Qualified Opportunity Zone Businesses

BACKGROUND

In December 2017, as part of the Tax Cuts and Jobs Act (“TCJA”), Congress established a new tax incentive program to promote investment in certain low-income communities designated by the IRS as qualified opportunity zones. The tax incentives obtained by investing in a qualified opportunity fund (“QOF”) allow taxpayers to (i) defer paying taxes on capital gain from the sale or exchange of appreciated assets; (ii) receive a permanent exclusion from taxation of up to 15 percent of the originally deferred gain; and (iii) for taxpayers that hold their investment in the QOF for at least 10 years, a permanent exclusion from taxation for any appreciation in excess of the deferred gain.

On April 17, the Treasury Department released its second round of guidance on Opportunity Zone investments in the form of proposed regulations (the “New Proposed Regulations”). These newly proposed regulations supplement and in some cases revise the proposed regulations issued in October of 2018 (the “October Proposed Regulations”). [1]

The New Proposed Regulations provide further clarity, but leave many questions unanswered. This is Part II of our series of blog posts on the New Proposed Regulations. This post addresses key issues relating to the requirements for qualified opportunity zone businesses and qualified opportunity zone business property. For Part I of our explanation, which addresses qualified investments in qualified opportunity funds, please click on the link here.
Continue Reading Opportunity Zones Update: NEW PROPOSED TREASURY REGULATIONS (PART II)

Background

In December 2017, as part of the Tax Cuts and Jobs Act (“TCJA”), Congress established a new tax incentive program to promote investment in certain low-income communities designated by the IRS as qualified opportunity zones. Section 1400Z-2 of the Internal Revenue Code provides three compelling tax incentives to encourage investment in qualified opportunity funds (“QOFs”).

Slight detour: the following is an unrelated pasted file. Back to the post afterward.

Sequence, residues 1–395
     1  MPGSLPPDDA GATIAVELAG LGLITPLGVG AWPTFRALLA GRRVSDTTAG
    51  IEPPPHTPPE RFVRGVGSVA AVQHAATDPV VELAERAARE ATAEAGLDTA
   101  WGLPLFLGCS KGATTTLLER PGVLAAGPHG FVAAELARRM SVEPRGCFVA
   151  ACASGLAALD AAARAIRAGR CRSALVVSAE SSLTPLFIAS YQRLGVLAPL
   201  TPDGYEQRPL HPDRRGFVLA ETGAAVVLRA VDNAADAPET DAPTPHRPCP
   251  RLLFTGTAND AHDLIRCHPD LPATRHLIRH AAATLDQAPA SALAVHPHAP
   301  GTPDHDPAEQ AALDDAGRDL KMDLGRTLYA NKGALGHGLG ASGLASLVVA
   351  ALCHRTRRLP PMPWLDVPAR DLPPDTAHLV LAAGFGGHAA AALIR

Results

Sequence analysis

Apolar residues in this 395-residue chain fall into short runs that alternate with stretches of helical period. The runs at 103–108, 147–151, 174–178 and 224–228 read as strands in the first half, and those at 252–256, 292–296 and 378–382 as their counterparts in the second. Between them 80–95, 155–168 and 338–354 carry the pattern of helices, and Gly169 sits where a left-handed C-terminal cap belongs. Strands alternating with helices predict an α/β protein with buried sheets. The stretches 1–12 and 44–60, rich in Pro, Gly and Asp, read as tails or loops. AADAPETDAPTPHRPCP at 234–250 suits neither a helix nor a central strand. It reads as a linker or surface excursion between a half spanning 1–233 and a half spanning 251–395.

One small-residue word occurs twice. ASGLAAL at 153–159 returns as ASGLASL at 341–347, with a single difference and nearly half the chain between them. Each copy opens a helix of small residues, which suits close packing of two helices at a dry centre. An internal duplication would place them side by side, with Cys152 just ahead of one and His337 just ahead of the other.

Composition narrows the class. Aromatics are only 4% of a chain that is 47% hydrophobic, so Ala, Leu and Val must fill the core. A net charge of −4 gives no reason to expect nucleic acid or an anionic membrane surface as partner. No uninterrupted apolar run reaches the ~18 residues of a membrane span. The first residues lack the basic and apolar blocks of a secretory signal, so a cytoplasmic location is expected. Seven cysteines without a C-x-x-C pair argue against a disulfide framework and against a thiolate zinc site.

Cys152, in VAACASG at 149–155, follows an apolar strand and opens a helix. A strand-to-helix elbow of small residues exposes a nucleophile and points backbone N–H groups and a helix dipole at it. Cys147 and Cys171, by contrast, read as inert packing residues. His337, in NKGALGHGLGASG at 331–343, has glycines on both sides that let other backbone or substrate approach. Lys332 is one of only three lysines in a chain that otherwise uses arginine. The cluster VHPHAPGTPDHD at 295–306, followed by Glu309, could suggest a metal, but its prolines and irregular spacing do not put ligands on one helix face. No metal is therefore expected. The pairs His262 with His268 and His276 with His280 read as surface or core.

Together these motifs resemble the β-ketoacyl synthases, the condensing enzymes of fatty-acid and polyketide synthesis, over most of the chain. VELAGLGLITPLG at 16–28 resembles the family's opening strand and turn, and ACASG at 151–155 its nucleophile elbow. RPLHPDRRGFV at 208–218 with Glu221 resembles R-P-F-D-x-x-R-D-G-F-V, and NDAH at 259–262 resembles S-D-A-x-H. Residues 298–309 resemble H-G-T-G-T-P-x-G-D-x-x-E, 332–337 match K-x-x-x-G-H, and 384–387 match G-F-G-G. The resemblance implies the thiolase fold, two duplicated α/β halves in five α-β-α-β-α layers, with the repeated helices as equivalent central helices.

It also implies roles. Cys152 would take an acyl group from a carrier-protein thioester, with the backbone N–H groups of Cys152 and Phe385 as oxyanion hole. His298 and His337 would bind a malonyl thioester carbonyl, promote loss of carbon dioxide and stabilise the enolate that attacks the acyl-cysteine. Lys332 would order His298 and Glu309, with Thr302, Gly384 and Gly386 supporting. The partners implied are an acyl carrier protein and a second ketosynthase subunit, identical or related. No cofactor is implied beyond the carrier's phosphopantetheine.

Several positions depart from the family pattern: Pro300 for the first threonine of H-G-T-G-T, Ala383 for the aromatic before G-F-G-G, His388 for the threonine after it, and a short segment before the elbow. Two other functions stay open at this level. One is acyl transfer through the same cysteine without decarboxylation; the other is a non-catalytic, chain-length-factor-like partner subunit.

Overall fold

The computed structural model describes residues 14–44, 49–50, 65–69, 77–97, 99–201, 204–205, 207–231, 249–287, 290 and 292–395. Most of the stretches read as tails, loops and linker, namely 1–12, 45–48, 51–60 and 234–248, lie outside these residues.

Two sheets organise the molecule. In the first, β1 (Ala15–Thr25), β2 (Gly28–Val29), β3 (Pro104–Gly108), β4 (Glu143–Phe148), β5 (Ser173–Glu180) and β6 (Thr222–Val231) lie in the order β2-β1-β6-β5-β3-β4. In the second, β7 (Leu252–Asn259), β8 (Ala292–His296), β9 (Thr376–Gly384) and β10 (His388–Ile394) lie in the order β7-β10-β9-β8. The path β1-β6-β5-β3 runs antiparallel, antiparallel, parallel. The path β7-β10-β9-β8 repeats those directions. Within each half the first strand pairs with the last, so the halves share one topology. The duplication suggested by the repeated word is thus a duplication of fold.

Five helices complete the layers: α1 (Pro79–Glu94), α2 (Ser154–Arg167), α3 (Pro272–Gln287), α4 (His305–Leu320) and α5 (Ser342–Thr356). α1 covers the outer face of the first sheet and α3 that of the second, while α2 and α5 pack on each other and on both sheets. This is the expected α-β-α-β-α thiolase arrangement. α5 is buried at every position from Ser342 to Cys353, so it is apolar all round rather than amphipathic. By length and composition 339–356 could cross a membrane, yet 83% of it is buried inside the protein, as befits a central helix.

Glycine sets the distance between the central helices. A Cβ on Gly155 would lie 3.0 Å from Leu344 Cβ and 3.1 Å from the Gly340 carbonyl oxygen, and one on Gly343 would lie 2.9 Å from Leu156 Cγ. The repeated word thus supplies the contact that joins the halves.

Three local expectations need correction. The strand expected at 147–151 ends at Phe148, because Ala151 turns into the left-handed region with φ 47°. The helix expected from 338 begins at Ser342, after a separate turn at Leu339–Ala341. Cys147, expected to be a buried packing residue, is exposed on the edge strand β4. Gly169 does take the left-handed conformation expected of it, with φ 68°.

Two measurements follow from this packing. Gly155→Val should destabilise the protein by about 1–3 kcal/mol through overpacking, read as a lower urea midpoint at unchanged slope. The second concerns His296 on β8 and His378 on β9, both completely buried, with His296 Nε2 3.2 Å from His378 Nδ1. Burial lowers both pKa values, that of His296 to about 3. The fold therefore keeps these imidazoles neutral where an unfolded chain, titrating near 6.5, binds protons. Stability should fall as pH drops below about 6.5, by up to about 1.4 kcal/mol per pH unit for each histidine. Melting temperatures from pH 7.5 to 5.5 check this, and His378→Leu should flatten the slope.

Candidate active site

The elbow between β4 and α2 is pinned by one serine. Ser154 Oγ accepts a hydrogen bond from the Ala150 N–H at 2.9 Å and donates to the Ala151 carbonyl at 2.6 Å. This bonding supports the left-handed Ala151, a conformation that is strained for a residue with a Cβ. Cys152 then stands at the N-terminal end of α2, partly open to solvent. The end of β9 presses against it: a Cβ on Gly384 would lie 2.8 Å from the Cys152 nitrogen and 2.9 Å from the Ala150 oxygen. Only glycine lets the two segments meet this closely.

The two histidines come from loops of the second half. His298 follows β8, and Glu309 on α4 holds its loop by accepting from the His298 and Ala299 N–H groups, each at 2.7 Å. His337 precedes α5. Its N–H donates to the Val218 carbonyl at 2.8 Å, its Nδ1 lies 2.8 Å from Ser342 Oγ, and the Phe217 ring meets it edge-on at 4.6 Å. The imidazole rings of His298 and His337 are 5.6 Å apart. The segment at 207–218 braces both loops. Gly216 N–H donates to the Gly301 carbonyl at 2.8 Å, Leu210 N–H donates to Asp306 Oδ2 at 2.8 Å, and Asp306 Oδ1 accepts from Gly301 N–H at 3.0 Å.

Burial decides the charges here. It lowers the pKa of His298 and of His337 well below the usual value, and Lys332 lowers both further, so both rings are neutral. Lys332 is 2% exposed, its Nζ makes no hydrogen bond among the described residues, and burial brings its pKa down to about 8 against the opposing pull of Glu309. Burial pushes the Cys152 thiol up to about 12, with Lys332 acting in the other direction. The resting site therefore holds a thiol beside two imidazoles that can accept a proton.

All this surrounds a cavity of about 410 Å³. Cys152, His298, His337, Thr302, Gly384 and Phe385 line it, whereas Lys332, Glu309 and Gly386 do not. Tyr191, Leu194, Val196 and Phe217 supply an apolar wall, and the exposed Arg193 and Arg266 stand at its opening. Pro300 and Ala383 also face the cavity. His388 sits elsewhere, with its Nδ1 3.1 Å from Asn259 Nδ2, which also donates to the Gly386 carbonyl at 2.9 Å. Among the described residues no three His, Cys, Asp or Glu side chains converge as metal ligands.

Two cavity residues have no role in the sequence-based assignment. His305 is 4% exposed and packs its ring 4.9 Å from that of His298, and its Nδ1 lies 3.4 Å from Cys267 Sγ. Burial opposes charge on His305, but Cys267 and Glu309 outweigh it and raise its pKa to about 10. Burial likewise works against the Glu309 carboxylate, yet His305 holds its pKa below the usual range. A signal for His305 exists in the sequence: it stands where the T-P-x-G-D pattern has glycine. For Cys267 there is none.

• Taxpayers can defer paying taxes on capital gain from the sale or exchange of appreciated assets by investing such gain in a QOF within 180 days following such sale or exchange. Such gain may be deferred until the earlier of (i) when the investment is sold or exchanged or (ii) December 31, 2026.
  • Investors receive a step-up in the basis equal to 10% of the original deferred gain if the investment in the QOF is held for at least five years, with an additional 5% basis step-up if the investment is held for seven years. These basis step-ups can result in permanent exclusion from taxation of up to 15% of the originally deferred gain.
  • If the investor holds the investment in the QOF for at least 10 years, an elective basis adjustment made upon sale of the interest in the QOF provides a permanent exclusion from taxation for any appreciation in excess of the deferred gain.

On April 17, 2019, the Treasury Department released its second round of guidance on opportunity zone investment in the form of proposed regulations (the “New Proposed Regulations”). These newly proposed regulations supplement and in some cases revise the proposed regulations issued in October 2018 (The “October Proposed Regulations”).
Continue Reading Opportunity Zones Update: NEW PROPOSED TREASURY REGULATIONS (PART I)

The Tax Cuts and Jobs Act created a new tax incentive program through investment in “qualified opportunity funds”. Qualified opportunity funds are intended to encourage investment in low-income communities by providing three tax incentives to investors:

  • Investors can defer taxes on eligible capital gain arising from a sale or exchange of assets by investing in qualified opportunity funds.
  •  10% of the deferred gain may be permanently excluded from federal income tax by way of a step-up in basis if an investor holds its interest in the qualified opportunity fund for at least five years, with an additional 5% basis step up if the investment is held for seven years.
  • If the investor holds the investment in the qualified opportunity fund for at least 10 years, an elective basis adjustment made upon sale of the interest in the fund provides a permanent exclusion from taxation for any appreciation in excess of the originally deferred gain.